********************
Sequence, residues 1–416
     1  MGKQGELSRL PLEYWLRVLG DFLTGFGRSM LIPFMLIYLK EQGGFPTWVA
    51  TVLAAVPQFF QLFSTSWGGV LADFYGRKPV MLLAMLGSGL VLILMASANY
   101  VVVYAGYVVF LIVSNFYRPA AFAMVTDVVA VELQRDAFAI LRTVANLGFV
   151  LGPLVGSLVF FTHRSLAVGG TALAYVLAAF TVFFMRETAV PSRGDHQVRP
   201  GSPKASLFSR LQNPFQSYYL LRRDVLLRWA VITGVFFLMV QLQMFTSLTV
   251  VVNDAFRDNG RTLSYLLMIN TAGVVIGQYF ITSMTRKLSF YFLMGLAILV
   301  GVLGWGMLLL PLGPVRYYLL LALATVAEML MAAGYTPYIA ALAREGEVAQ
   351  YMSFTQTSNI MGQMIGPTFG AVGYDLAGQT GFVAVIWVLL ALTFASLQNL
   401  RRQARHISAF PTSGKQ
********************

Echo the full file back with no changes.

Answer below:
Sequence, residues 1–416
     1  MGKQGELSRL PLEYWLRVLG DFLTGFGRSM LIPFMLIYLK EQGGFPTWVA
    51  TVLAAVPQFF QLFSTSWGGV LADFYGRKPV MLLAMLGSGL VLILMASANY
   101  VVVYAGYVVF LIVSNFYRPA AFAMVTDVVA VELQRDAFAI LRTVANLGFV
   151  LGPLVGSLVF FTHRSLAVGG TALAYVLAAF TVFFMRETAV PSRGDHQVRP
   201  GSPKASLFSR LQNPFQSYYL LRRDVLLRWA VITGVFFLMV QLQMFTSLTV
   251  VVNDAFRDNG RTLSYLLMIN TAGVVIGQYF ITSMTRKLSF YFLMGLAILV
   301  GVLGWGMLLL PLGPVRYYLL LALATVAEML MAAGYTPYIA ALAREGEVAQ
   351  YMSFTQTSNI MGQMIGPTFG AVGYDLAGQT GFVAVIWVLL ALTFASLQNL
   401  RRQARHISAF PTSGKQ